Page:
Today Sony has released an innovative idea that merges a complete camera system into two different lens bodies. Controlling the QX10 or QX100 is done through your smart phone.
The QX10 and QX100 may deserve the term innovative, but that might only be used to describe design. Every aspect of the QX10 and QX100 is working backwards from what Sony has praised themselves for previously.
When Sony designed the NEX-7 they highlighted the fact that they've added more buttons and dials and an improved EVF electronic view finder. The new QX10 and QDX100 relies on a touch screen smartphone and a laggy display. Not to mention lag time when initiating the shutter to fire. Lagging displays played a major part with the slow adoption of mirrorless cameras. Some display like that of Fuji's EVF almost appear as if you're looking through the mirror of a DSLR camera, not an LCD screen.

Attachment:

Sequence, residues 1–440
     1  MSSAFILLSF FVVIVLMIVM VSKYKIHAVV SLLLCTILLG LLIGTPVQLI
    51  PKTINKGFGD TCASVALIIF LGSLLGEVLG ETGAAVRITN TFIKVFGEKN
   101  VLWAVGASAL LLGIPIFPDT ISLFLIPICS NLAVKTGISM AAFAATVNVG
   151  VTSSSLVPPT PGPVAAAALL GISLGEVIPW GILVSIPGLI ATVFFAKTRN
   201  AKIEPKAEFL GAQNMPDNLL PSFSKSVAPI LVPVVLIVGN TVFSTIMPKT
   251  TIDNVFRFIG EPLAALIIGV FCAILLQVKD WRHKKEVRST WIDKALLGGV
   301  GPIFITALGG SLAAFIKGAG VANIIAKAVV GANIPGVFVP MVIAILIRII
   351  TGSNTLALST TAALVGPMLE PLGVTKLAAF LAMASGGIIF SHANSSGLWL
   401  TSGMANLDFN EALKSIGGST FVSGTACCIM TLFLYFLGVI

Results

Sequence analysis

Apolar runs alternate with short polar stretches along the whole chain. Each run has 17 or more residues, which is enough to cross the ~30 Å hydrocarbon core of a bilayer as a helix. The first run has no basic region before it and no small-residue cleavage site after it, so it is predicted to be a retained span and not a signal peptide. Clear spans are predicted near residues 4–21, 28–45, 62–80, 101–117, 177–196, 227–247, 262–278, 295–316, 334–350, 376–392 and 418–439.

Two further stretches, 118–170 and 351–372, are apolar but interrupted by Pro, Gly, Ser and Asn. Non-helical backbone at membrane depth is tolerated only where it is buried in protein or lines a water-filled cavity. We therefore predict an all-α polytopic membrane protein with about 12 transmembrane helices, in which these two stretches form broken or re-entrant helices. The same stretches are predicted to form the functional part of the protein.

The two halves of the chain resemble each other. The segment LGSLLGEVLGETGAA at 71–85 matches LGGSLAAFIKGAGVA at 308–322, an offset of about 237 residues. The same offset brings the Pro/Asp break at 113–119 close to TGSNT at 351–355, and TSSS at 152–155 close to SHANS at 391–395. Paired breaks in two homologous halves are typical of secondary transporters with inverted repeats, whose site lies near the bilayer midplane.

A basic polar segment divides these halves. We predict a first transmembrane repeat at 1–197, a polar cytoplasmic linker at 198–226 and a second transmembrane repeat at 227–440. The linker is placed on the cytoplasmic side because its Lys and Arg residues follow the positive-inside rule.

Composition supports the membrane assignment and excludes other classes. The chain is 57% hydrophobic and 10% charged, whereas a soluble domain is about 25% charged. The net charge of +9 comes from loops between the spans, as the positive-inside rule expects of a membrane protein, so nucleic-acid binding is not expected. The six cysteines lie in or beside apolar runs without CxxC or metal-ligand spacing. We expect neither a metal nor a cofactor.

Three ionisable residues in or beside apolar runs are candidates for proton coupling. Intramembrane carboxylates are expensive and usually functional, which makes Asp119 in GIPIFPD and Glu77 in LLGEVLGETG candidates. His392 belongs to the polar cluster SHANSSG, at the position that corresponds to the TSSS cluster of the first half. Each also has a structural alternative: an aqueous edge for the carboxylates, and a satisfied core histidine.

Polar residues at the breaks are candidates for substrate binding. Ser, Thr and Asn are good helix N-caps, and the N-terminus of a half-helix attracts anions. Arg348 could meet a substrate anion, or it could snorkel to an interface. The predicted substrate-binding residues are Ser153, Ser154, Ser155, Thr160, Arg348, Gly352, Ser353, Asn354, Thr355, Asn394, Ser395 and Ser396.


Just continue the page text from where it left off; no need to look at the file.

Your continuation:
The Sony RX100 and RX100 Mark II have been praised to bring a high quality sensor into a very pocketable camera. While the new QX10 and QX100 have sensors similar to the RX100, it can only be as comfortable as sticking a cup in your pants.
I think it's only fitting to share this next video from The Onion that spoofs such backwards innovation.
With a price tag of $499 and useless without a decent smartphone, the QX10 and QX100 brings image quality that can already be captured in a cheaper and more pocketable point and shoot system, and the only innovation they bring is to promote glorified 'selfies'.
Still, if you want more information on the QX10 and QX100 they are already available for pre-order via B&H (here).
Sony QX10 and QX100 Smart Lens Cameras